Ashoka Fellows. Wellbeing Enterprises. More Close X. Aroa joined Ashoka in , starting her journey at the Spanish office. After working for 4 years in Spain and the UK in Operations and Partnership Development, in November Aroa joined the Global Partnerships team, where she now works managing the global engagement with Philips Foundation, focused on increasing access to healthcare for disadvantaged communities.
Aroa holds a degree in International Relations with a focus on sustainable development and international security. She also has a BA in Translation and Interpreting, where her research focused on intercultural mediation and interpretation in conflict zones. Florian Rutsch Systems Change. Florian leads on systems change partnerships, research, and training in the UK and he co-designed Ashoka's European Fellowship program where he co-leads the systems change, new leadership and wellbeing modules.
After managing and heading up Ashoka's Fellowship in the UK for three years, his work in recent years has increasingly focused on the ecosystem for social entrepreneurs — in particular on funding for their systems changing work. He worked as a social impact consultant on impact measurement, communication and stakeholder engagement, and co-founded the global TweetADream campaigns which reached 25k young people in 35 countries with the aim of inspiring them to discover their own power for change.
Australian by birth, she has spent the majority of her career in South Africa. Martin: How did your experience working at the UN inform your thought process when conceiving the Summit? Yet, in so much of the work we were doing, there was something missing. We constantly designed programs for people, and not with people.
I realized that to make real progress on the most critical issues plaguing our world, we needed to inspire change on a personal level. We are not failing in policy or commitments to make change. We are failing in implementation because there is no shared responsibility or accountability to make progress. The collaboration of everyone involved sends a strong message that creating inclusive conversations is critical to achieving change. Barmada: Imagine a conference where the stage is your computer screen and your seat in the audience is behind a laptop or mobile phone from anywhere in the world.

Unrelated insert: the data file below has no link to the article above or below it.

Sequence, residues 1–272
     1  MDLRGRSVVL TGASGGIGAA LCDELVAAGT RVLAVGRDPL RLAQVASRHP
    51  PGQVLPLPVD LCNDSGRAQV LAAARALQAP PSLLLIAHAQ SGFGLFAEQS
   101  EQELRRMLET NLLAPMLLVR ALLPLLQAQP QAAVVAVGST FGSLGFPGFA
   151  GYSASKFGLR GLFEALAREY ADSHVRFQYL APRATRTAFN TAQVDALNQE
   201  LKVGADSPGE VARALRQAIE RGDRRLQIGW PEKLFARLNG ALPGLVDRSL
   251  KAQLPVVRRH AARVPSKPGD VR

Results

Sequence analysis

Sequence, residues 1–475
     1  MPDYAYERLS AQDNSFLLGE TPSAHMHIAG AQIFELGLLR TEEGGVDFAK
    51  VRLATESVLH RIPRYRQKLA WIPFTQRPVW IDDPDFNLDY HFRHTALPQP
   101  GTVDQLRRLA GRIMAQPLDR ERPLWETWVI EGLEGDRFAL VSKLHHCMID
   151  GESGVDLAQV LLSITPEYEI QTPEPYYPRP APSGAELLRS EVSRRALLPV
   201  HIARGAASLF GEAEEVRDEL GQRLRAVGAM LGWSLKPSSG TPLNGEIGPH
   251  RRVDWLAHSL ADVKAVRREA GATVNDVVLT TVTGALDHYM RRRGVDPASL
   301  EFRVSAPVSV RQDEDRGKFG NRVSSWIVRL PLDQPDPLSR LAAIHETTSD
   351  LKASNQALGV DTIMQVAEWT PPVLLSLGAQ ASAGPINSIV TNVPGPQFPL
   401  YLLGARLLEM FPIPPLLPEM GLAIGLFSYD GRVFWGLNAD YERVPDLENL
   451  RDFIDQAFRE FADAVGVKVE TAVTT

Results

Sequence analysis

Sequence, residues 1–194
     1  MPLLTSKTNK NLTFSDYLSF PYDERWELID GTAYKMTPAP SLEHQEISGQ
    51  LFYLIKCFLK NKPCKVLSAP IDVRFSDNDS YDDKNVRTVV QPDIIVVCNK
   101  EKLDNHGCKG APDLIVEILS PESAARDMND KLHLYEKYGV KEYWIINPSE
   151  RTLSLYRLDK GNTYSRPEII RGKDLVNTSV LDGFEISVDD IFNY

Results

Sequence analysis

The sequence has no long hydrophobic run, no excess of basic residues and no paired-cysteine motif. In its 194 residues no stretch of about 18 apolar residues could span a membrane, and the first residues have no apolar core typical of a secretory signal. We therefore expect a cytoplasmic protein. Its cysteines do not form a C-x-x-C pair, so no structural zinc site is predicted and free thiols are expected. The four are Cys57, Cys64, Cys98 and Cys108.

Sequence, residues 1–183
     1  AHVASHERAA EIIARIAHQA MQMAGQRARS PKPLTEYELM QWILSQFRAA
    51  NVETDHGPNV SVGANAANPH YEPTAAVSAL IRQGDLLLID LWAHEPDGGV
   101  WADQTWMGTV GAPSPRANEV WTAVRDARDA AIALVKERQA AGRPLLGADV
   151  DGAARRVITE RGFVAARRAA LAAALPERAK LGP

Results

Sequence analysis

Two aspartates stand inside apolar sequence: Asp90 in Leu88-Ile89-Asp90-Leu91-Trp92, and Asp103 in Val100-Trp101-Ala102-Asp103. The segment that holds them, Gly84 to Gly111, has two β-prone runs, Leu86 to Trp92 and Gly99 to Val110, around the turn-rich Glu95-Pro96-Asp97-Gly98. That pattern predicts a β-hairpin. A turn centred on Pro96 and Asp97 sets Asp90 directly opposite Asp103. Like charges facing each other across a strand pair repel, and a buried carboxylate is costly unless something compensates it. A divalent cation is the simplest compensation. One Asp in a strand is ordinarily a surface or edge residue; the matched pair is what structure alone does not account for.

Attendees can ask speakers questions, network with other participants, voice opinions, find collaborators, and join conversations around the world. Nobody is barred because of the color of their passport, their social status or inability to travel.
It is a space to which all are invited. This is our way of connecting the dots. We wanted to bridge the gap between access, opportunity and impact-- leveraging technology and innovation to facilitate engagement. Barmada: Every single one of us is part of creating a safer and more sustainable world. Papi-Thornton, Daniela. Selingo, Jeffrey J.
Search form Search. Buy Print Copies. Search Periodicals. Table of Contents Overview. The Rise of the Sophisticated Changemaker.
Independent, Coexisting, Collaborating? Setting Aside My Hero Complex. Social Innovation: Valuable Strengths For nearly a decade, Ashoka U has supported colleges and universities as they embed the values and culture of social innovation across their institutions. Systems thinking requires mapping the stakeholders involved, understanding how incentives are aligned, and identifying root causes in order to propose interventions for systemic transformation.
Solutions: While it is always important to understand problems—and existing approaches—before offering solutions, change efforts too often stop at the research phase. Social innovators give themselves permission to relentlessly learn, adapt, find, and implement solutions.
Innovation: While many social change models and strategies exist, new and creative approaches are sometimes needed in order to address intractable problems. Assessment of whether a new approach is more effective or more efficient than preexisting solutions is necessary in order to justify pursuing an innovation over existing alternatives. Scale: Social innovation models typically have relevance beyond one particular situation e.
Yet innovations that occur at scale can offer both breadth affecting a significant number of people and depth transforming relationships, structures, and systems in a particular place. Financial Sustainability: Social innovation aims for a triple bottom line of economic, social, and ecological value. Achieving this bottom line requires securing and aligning resources of all kinds, combining private, public, and philanthropic support with income generation to ensure ongoing sustainability.
Impact Measurement and Assessment: When trying to use resources wisely and deliver results, learning what works and what does not work is of utmost importance.
Formative and summative assessments offer critical information to guide continuous feedback and improvement. Collective Impact: The most difficult and important problems cannot be understood, let alone solved, without involving multiple sectors nonprofit, public, and private and diverse stakeholder perspectives.
Social innovation encourages collaboration across organizations in order to use resources effectively and efficiently, and to achieve significant lasting social change. Potential Vulnerabilities While social innovation has served as an empowering framework for many educators and students, every approach to teaching social change has strengths and weaknesses. A Changemaker Toolbox The strengths and weaknesses of social innovation suggest the value of an integrated approach.
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